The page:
Why then are human rights not being respected? It wasn't until the beginning of the 1990s that a paradigm of development emerged that went beyond the notion that all a country needs to do is grow economically to meet the needs of its inhabitants. It has since become recognized that as fundamental as economic growth is to development, political and social development are equally important. This more comprehensive approach to development is now widely accepted.

We have come a long way since the dysfunctional days of the Cold War when development assistance was largely aimed at supporting political and military alliances and gave only secondary attention to reducing poverty and human suffering. Today the basic objective of development is to create an enabling environment for people to enjoy long, healthy, and creative lives--yet the rules guiding our economy and society remain unresponsive to those objectives. Different international agreements have attempted to set not only development goals but standards for cooperation in achieving them. We must now implement the policies and practices we know are necessary in order to rid the world of its gross inequities and intolerable levels of human suffering-a world where half the population lives on less than two dollars a day.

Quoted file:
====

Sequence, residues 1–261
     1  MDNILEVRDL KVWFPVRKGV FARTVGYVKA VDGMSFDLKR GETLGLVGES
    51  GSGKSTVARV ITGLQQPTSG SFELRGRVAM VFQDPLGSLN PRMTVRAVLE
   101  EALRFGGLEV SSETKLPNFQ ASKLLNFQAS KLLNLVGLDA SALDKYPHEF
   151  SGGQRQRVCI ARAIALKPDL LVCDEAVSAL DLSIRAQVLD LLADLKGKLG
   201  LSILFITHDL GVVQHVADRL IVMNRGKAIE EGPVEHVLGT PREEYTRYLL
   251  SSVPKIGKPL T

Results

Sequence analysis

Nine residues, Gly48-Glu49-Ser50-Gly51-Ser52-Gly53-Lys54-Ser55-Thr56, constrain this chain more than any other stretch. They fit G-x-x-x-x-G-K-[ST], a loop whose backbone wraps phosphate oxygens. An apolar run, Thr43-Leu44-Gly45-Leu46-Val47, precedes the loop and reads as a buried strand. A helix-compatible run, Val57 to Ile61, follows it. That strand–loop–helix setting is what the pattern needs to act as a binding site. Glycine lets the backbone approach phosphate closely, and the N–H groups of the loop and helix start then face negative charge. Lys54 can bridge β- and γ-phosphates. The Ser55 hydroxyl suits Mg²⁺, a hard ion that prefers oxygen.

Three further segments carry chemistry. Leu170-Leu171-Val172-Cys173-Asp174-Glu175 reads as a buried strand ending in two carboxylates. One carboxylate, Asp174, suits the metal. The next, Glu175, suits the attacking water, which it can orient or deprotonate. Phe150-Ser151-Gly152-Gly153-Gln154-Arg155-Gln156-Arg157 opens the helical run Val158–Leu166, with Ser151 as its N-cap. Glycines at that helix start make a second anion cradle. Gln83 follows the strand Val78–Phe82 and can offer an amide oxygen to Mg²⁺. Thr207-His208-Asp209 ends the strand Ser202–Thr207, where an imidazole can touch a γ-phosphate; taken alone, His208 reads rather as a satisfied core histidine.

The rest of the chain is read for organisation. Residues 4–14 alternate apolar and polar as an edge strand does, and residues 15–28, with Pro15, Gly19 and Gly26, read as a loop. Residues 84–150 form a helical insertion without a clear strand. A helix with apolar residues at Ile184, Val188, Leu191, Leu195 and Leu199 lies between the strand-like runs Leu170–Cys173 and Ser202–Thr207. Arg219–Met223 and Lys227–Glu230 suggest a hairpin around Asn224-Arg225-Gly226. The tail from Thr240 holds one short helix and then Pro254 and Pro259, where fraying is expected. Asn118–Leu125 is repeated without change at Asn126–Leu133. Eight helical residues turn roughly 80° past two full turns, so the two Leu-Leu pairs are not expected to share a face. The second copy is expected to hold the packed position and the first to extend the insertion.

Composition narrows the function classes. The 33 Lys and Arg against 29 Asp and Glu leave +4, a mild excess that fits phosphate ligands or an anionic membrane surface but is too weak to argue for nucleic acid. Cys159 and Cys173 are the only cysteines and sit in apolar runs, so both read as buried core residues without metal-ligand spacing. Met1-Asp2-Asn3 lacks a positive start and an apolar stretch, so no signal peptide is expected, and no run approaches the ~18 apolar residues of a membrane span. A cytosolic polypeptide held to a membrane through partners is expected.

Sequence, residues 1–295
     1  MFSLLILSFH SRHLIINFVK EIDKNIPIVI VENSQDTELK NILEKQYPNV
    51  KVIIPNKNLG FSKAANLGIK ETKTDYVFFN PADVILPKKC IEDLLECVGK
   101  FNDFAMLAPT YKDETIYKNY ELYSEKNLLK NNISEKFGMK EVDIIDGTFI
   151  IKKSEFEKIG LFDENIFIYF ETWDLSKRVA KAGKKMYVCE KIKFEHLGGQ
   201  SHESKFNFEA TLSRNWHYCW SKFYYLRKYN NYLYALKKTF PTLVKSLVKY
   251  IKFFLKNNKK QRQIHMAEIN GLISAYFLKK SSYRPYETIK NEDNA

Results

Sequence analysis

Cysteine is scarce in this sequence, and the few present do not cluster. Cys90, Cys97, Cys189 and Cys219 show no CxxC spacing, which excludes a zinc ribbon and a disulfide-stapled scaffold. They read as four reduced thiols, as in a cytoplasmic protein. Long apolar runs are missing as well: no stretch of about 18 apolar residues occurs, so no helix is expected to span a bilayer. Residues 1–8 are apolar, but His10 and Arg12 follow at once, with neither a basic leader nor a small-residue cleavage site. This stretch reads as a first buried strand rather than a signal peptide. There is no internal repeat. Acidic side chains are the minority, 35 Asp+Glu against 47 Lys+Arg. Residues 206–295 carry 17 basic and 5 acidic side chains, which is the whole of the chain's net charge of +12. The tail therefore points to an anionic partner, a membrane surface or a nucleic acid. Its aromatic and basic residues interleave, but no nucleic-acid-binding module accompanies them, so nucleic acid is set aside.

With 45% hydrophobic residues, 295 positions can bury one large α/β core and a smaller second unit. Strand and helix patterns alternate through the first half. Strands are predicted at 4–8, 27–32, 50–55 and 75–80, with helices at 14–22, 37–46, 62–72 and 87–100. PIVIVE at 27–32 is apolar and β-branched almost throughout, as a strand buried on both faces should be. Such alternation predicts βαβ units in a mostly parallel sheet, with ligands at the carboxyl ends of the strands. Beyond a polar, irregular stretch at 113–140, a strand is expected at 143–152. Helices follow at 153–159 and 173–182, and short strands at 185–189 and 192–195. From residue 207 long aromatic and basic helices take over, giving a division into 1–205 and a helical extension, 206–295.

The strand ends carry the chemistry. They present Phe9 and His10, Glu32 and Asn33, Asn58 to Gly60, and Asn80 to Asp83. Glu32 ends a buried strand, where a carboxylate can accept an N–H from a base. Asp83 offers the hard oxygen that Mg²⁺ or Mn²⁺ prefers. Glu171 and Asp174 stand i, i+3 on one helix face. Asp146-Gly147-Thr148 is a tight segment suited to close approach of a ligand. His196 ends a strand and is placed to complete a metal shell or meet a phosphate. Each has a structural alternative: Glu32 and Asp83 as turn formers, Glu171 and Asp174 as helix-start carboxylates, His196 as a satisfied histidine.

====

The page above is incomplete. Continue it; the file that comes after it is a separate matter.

World leaders have agreed to address this unacceptable and unsustainable situation by initially focusing on a few achievable development goals called the Millennium Development Goals. In 2000 the U.N. Millennium Declaration was adopted at the largest-ever gathering of heads of state. More than 180 countries, rich and poor, agreed to do all they could to eradicate poverty and respect human dignity by promoting equity, peace, democracy, and environmental sustainability. By 2015 leaders promised to: